Feeds

IBM evidence shows how MS controls PC OEMs

The Norris dossier provides the most detailed evidence yet

  • alert
  • submit to reddit

Reducing security risks from open source software

MS on Trial In 1995, IBM paid Microsoft $40 million for Windows. In 1996 it was $220 million. In 1997 $330 million. In 1998, $440 million. Annoyance over this thumbscrew process is probably the real reason why Garry Norris is giving rebuttal evidence for the DoJ with the clear blessing of IBM, and giving us such a cornucopia. Norris, who was IBM's chief negotiator with Microsoft before and after the introduction of Windows 95, lived up to expectations in his direct examination by Philip Malone of the DoJ. His evidence provides the most damning account in the trial so far of Microsoft's exploitation of its Windows monopoly, and how it controls OEMs. This is the most detailed account anywhere of Microsoft's strategies and tactics in such matters, and even seasoned Microsoft watchers will be surprised at the extent to which their suspicions of Microsoft's business practices were confirmed. Norris has handwritten notes and computer records of the period - not exactly a kiss-and-tell diary, but solid contemporary evidence of Microsoft's actions. They were so good that they went entirely unchallenged by Richard Pepperman, for Microsoft. At the same time, what we see from the testimony is the inability of some senior IBM executives when faced with Microsoft's uncompromising abuse of ethical business behaviour. It was like the Corps Diplomatique trying to deal with threats from a gang of street fighters. So far as OS/2 was concerned, nothing new emerged, and the enigma remains as to whether IBM did change its policy towards OS/2 in a direct response to Microsoft's desires to eliminate it, or whether it was a consequence of Microsoft's actions. Even in the latter case, IBM could have found a way to keep OS/2 competitive if it had wanted to do so, but failed. The new revelations mostly concerned IBM's acquisition of Lotus, and Microsoft's reaction. Judge Jackson listened very careful to the testimony, and asked a number of questions for clarification. After this evidence, there can be no doubt that Microsoft should be prevented from ever again abusing its dominant position by having to publish an OEM price list, with only volume discounts allowed. It would also be necessary to ensure that the prices are set at a fair level and not subject to discounts refereed by Microsoft, as is the case with its so-called MDAs. The mechanism for this would need to be worked out, but it should not be beyond the capability of the courts. ® Complete Register trial coverage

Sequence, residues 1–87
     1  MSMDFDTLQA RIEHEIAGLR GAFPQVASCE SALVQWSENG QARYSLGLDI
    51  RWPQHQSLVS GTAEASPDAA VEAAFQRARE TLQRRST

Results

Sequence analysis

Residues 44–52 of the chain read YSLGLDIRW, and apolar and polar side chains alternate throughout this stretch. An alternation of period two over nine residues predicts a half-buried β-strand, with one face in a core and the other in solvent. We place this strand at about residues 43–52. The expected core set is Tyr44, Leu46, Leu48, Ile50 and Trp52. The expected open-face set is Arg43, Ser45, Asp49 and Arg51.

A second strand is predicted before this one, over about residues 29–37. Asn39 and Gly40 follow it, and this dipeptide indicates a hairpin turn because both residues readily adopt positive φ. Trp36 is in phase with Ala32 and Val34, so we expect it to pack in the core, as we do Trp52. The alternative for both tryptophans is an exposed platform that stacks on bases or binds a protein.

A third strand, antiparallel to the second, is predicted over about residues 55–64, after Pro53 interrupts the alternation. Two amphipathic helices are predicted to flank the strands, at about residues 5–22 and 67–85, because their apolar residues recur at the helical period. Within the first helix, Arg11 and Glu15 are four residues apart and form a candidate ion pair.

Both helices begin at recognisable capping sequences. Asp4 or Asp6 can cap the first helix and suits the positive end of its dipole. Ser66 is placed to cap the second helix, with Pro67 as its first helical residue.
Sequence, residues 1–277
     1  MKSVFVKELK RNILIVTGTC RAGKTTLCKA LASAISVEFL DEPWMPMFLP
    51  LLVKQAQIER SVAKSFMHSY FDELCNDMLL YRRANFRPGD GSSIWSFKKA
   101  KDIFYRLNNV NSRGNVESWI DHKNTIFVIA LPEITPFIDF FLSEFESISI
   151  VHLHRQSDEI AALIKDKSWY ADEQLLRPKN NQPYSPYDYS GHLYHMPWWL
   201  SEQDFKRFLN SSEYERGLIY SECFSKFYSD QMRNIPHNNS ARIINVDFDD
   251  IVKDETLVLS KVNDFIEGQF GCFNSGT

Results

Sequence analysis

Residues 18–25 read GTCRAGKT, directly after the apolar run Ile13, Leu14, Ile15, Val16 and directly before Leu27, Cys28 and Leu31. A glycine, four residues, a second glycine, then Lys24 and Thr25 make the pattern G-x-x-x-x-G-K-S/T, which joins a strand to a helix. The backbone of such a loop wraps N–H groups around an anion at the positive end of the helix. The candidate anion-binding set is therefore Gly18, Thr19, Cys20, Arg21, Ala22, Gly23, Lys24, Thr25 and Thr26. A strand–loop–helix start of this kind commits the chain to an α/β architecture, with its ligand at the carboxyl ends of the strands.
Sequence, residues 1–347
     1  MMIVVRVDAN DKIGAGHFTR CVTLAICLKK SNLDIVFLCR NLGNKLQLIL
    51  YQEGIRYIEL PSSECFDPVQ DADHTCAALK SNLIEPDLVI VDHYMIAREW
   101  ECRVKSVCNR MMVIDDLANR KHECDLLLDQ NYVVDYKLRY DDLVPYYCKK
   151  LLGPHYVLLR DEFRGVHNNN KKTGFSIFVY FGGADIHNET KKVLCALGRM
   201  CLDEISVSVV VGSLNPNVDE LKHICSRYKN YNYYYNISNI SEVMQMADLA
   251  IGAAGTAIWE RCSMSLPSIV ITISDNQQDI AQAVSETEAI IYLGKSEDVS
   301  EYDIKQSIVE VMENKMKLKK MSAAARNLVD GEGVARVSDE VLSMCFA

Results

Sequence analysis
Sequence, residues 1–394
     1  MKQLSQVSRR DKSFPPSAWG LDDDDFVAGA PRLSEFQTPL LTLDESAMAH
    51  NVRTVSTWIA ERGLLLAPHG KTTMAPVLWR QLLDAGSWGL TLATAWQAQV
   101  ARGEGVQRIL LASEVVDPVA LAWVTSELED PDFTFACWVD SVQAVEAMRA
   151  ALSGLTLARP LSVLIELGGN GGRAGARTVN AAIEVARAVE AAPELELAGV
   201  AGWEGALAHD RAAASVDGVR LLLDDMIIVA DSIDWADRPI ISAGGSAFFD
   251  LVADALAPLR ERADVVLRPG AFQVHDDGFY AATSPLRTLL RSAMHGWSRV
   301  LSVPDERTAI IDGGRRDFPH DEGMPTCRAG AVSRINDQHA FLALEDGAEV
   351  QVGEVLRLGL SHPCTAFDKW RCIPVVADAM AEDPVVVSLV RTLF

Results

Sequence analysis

Eight steps to building an HP BladeSystem

More from The Register

next story
BBC goes offline in MASSIVE COCKUP: Stephen Fry partly muzzled
Auntie tight-lipped as major outage rolls on
iPad? More like iFAD: We reveal why Apple fell into IBM's arms
But never fear fanbois, you're still lapping up iPhones, Macs
White? Male? You work in tech? Let us guess ... Twitter? We KNEW it!
Grim diversity numbers dumped alongside Facebook earnings
HP, Microsoft prove it again: Big Business doesn't create jobs
SMEs get lip service - what they need is dinner at the Club
Bose says today IS F*** With Dre Day: Beats sued in patent battle
Music gear giant seeks some of that sweet, sweet Apple pie
Amazon Reveals One Weird Trick: A Loss On Almost $20bn In Sales
Investors really hate it: Share price plunge as growth SLOWS in key AWS division
Dude, you're getting a Dell – with BITCOIN: IT giant slurps cryptocash
1. Buy PC with Bitcoin. 2. Mine more coins. 3. Goto step 1
There's NOTHING on TV in Europe – American video DOMINATES
Even France's mega subsidies don't stop US content onslaught
prev story

Whitepapers

Top three mobile application threats
Prevent sensitive data leakage over insecure channels or stolen mobile devices.
Implementing global e-invoicing with guaranteed legal certainty
Explaining the role local tax compliance plays in successful supply chain management and e-business and how leading global brands are addressing this.
Boost IT visibility and business value
How building a great service catalog relieves pressure points and demonstrates the value of IT service management.
Designing a Defense for Mobile Applications
Learn about the various considerations for defending mobile applications - from the application architecture itself to the myriad testing technologies.
Build a business case: developing custom apps
Learn how to maximize the value of custom applications by accelerating and simplifying their development.